Posted on Leave a comment

Deck Review: Smith-Waite Tarot Centennial Edition

My very first Tarot deck was a 1970’s printing of the classic Rider-Smith-Waite (RSW) deck that my father gifted to me sometime in 1990. Ever since then, the Smith-Waite deck has been my go-to deck. Other decks come and go, but I know that I can always work with an RSW.

While I love that old 1970’s copy, it is an atrocious edition. The colors were garish and just plain weird. The image quality is pretty poor. And although I haven’t tested it… I suspect the card-stock was not acid-free, as they are getting slightly crisp with the years. That copy is lovingly tucked into a white satin bag and only pulled out for very special personal readings and focus meditations.

In the early 2000’s I had purchased another copy of the RSW as my work-horse deck. The colors were so much better, more subdued. The printing was clearly more faithful to the original illustrations. But, since this deck was my work-horse deck… it became really, really… well, grimy. I mean, fanning that deck is like trying to fan peanut-butter crackers. (That deck is sitting in my library and awaiting experiments with various card cleansing and fanning powders.)

So, last year I bought my third copy of the RSW. This time I tried out the pocket-sized centennial edition. It now lives in its own velvet bag inside my purse. Let me break down why I think every Tarot enthusiast should have a copy of this deck:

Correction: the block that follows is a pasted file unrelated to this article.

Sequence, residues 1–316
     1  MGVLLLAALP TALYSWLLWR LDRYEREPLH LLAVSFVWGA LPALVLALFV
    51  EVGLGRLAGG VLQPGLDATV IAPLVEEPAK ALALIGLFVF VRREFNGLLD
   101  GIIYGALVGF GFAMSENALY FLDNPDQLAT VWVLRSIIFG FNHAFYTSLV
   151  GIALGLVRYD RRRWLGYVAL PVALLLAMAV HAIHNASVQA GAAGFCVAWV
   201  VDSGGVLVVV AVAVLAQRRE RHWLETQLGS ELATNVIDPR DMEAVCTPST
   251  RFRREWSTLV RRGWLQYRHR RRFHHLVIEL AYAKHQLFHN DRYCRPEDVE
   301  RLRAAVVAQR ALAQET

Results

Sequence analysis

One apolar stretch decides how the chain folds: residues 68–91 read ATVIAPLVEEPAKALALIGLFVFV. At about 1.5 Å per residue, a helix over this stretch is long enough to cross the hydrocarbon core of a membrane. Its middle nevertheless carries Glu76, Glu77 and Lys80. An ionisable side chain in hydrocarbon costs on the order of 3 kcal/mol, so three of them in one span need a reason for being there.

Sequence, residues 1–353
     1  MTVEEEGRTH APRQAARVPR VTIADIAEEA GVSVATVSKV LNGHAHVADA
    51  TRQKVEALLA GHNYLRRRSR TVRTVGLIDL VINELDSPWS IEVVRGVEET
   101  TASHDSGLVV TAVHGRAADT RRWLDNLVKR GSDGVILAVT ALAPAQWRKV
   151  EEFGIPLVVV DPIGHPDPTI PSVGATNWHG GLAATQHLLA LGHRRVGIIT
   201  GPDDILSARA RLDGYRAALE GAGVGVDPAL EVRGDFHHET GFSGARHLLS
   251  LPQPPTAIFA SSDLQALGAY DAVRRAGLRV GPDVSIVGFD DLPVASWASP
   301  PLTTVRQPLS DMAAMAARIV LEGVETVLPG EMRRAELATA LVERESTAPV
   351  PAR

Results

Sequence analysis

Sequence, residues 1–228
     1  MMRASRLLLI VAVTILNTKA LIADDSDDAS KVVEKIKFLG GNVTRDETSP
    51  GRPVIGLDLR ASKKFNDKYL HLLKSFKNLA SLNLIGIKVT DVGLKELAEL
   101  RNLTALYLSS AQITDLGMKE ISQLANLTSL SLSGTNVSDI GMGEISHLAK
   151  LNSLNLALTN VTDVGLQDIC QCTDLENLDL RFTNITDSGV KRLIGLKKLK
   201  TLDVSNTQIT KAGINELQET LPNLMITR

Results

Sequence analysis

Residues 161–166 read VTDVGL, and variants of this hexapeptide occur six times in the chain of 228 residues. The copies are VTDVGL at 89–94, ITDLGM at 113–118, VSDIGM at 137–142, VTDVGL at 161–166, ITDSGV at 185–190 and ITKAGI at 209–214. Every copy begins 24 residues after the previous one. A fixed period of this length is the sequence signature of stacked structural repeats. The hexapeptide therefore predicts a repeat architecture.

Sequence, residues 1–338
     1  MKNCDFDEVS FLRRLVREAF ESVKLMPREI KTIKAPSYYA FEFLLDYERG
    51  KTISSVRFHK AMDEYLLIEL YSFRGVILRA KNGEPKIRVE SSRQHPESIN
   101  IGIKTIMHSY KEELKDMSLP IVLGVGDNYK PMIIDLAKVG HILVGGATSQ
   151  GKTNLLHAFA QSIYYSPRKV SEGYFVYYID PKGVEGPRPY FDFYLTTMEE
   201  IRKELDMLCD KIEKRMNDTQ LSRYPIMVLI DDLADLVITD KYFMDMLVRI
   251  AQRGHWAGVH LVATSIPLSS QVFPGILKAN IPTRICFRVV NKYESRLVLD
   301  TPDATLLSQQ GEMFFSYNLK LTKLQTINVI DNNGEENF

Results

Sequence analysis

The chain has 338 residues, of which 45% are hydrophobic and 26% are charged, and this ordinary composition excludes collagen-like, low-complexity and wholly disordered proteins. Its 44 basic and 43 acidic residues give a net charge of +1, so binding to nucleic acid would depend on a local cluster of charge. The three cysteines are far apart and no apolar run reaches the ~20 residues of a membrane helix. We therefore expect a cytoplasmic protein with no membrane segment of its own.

1. THEY ACTUALLY CALL IT THE SMITH-WAITE DECK!!! After a century of publishers and writers calling it either the Rider Deck or the Rider-Waite deck after the publisher and editor… they’re finally acknowledging the actual artist, Pamela “Pixie” Colman Smith. They have also included two bonus cards featuring non-tarot illustrations by Smith. I’ve chosen to go ahead and keep them in the deck for readings. The one on the left tends to come up as a combination of the Two of Cups and The Lovers. The one on the right I’ve affectionately dubbed The Single Mother’s card (applicable to any gender). I will definitely be writing more about Pixie in the future: badass queer witch of color working in the early 1900’s who set the standard for Tarot illustration. (swoon)

    2 bonus cards featuring Pixie’s non-Tarot art.
  2. IT’S POCKET SIZED!!! Unlike a “miniature” deck which is really only useful as a novelty or for very tiny people with really good eyesight… this deck’s cards are a comfortable 2.25″ x 3.75″. This means I have a deck that I can actually use, takes up less space in my purse and gear bags, and it’s actually possible to do a Wheel of the Year Spread on a normal sized table!

    Pocket-sized cards.
  3. IT’S AN IMPORTANT REFERENCE!!! Some people just don’t like the RSW deck. And that’s totally fine. But it IS historically important and so many of the decks that were published after 1909 and even now are based on this deck. For me, having an RSW deck in your library is like having a dictionary. You might not do readings with it, you might not even enjoy it per se, but it’s useful. If nothing else, when reading articles or books about the Tarot, it’s helpful to pull out the RSW deck so you can look at the symbolism at the same time.